Fish are not the only thing Yates is attracting. When his first lamp burned out, before he could replace it with one of the two bulbs Deep Glow shipped “right off,” neighbors and local anglers enjoying the new fishing hole pestered him daily to get it replaced. 

“They said I should put up a box on my dock and charge admission,” he confesses.

It’s no bother to Yates if someone shares his colorful fishing hole.

“I’m a catch and release guy,” he explains. “I don’t catch the fish off my dock, I just watch them. When I want to eat fish, I buy them from the market.”

Yates predicts that once Deep Glow catches on, Northwest Florida will be hooked.

“They are all over South Florida, but once more people see these lights up in Destin and so on, everyone will want them,” he says.

If Deep Glow’s growing client base from Pensacola to Panama City is any indication, they are as popular as live bait. You can see examples of Deep Glow’s vibrant lighting at Bayou Joe’s waterfront restaurant in Panama City.

Sherry and Doug Wager of Perdido Key are the first residents in Northwest Florida to outfit their 90-foot dock with underwater lights from Deep Glow in late spring of last year. Though they’ve lived on the water since 1989 and installed many types of lights on their dock over the years, they had one word for their new green-hued lights: “fantastic.” 

If you think of fishing as requiring a lot of luck and plenty of patience, once you install underwater lights, you might want to think again. And if you enjoy the ritual of wiling away the evening losing track of time while yearning for a bite, submerged lights may not be for you. Take it from Doug Wager, “It doesn’t take long to catch a fish that’s for sure. You better have your net ready.”

An offshore angler who enjoys hooking speckled trout and redfish, Wager says the above water lights used to attract pinfish for bait. Now, with underwater lights, his favorites are just “swarming” around his dock.

Though luck appears to be on his side most nights, he doesn’t test it much. He is satisfied to simply observe the abundant sea life, including porpoises, right from his bedroom window.

“It’s a joy to watch,” he said.

What’s next for Deep Glow? Now that they mastered their main product, they are focusing on enhancing its application. Ball said they are designing a new ballast to operate multiple lights and testing a 12-volt version on boats for night fishing. Having attracted clients from around the world, they are also going global, with projects in Dubai and Bahrain, including illuminating a race track with 26 red and green lights.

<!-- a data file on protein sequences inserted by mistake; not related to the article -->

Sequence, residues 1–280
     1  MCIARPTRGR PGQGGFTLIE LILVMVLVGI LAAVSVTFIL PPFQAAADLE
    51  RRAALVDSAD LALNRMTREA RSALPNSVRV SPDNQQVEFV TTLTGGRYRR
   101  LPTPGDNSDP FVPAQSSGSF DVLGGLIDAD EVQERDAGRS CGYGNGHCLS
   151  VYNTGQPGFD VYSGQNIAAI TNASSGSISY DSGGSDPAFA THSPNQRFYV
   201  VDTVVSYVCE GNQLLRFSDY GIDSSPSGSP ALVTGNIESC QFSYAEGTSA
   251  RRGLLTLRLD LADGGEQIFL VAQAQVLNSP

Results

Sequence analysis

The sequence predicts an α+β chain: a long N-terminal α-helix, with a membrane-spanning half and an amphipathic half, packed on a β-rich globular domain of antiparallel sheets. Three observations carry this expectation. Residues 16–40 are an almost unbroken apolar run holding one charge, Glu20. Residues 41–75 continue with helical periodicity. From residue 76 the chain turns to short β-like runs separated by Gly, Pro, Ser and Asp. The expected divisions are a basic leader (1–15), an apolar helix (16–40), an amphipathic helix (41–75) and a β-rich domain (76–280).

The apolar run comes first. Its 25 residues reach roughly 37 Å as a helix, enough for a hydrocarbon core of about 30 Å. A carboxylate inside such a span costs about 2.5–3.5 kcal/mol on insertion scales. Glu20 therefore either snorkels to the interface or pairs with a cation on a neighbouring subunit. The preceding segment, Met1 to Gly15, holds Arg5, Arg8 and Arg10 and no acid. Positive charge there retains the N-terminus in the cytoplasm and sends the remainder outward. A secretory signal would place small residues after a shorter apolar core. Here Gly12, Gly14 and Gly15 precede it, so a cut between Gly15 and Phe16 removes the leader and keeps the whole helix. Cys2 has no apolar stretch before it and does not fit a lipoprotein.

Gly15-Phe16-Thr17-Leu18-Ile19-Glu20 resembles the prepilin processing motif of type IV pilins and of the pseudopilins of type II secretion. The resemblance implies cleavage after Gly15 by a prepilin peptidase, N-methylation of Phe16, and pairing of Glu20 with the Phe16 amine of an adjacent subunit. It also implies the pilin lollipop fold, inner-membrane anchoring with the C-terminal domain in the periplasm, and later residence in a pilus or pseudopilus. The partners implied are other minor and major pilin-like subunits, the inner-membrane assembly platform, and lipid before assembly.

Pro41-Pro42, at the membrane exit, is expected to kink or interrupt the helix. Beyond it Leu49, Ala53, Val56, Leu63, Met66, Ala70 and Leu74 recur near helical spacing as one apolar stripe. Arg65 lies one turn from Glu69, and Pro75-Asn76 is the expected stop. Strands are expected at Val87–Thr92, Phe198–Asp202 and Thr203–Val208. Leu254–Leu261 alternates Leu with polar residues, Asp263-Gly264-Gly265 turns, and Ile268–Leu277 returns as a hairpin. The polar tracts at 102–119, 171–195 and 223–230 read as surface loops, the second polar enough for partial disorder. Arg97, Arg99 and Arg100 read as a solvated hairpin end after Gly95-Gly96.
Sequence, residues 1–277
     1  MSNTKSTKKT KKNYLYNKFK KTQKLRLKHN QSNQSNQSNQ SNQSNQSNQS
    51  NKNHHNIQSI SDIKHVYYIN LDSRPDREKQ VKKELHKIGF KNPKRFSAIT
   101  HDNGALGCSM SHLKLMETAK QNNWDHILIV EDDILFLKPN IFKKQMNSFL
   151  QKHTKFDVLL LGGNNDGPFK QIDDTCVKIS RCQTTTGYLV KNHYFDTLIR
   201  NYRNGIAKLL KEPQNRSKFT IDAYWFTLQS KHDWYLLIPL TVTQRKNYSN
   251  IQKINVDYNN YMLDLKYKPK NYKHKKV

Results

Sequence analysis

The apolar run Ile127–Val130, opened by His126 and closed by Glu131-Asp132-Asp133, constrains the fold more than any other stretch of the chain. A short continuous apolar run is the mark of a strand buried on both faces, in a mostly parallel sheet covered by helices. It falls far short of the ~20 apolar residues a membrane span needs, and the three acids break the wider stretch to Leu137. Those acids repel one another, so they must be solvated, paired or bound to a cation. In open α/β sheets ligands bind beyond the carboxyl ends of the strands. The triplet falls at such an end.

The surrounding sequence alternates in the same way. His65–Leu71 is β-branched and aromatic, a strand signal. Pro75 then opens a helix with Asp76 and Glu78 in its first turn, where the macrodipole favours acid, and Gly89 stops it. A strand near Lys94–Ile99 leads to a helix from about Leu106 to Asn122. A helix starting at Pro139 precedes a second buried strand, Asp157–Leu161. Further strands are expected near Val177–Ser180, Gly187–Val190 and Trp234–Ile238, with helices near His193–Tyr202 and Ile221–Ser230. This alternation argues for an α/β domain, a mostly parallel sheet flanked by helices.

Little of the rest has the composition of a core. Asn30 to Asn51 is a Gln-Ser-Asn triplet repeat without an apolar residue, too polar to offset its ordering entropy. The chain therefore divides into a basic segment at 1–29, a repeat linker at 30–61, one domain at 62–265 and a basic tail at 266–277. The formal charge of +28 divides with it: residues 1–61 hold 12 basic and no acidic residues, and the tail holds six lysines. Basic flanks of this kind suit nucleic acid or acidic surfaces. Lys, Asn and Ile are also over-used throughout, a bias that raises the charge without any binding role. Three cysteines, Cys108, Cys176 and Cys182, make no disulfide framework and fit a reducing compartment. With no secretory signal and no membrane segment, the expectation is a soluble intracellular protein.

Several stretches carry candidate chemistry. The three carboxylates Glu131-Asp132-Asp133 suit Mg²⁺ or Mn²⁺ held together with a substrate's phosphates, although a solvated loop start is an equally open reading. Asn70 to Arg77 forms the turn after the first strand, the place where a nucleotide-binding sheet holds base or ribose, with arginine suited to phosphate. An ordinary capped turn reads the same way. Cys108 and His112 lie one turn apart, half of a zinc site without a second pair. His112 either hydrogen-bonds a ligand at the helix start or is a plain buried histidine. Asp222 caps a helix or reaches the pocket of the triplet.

Apparently, Deep Glow’s secret has surfaced.

Forget the halls, deck out the dock.

With amazing coastal views and sub-tropical climes in Northwest Florida, it’s only natural for home owners to want to expand their living area to the outdoors. But you don’t have to be a celebrity or live on Gulf front property to join in on the trend.

According to realtor Rick Hollis with Alicia Hollis Realty based on Okaloosa Island in Fort Walton Beach since 1976, “Expanding living spaces to the outdoors is a growing trend. Several HGTV programs show people adding outdoor decks for kitchens/cooking areas to their homes.” In addition to outdoor kitchens, Hollis’ clients are adding on sun rooms and decks in front and back yards for relaxing, entertaining and grilling.”

Apparently, everyone is getting decked out.

As with any living space, inside or out, in addition to providing functionality and safety, good lighting is integral to good design. It creates ambience, adds drama and a sense of style. When you take it outside, beyond the backyard to a waterfront deck or dock, not only can designer lighting transform a space into an outdoor aqua park, but it can increase a home’s value as well. 

Though real estate experts disagree on whether lighted decks add anything beyond curb appeal, they all agree it does add to a home’s overall appeal. For those who do say designer decks add value, they say it could be up to thousands of dollars. In fact, Hollis suggests, depending on the construction, owners can expect up to a 50 percent return on their investment. 

As is the mantra in real estate, Hollis reminds that location is the key.

“A lighted deck in a small backyard that looks out onto a backyard fence is not going to add much value,” he reasons. “But a lighted deck for a house with some type of view, especially a beach or water view, will have the biggest bang for your buck.”

And once you’ve made that investment, Hollis suggests you let your light shine.

“From a real estate perspective, owners should take or have nighttime pictures taken to show off those underwater dock and deck lights,” he says. “The vast majority of showings are during the day and not many are done from a boat.”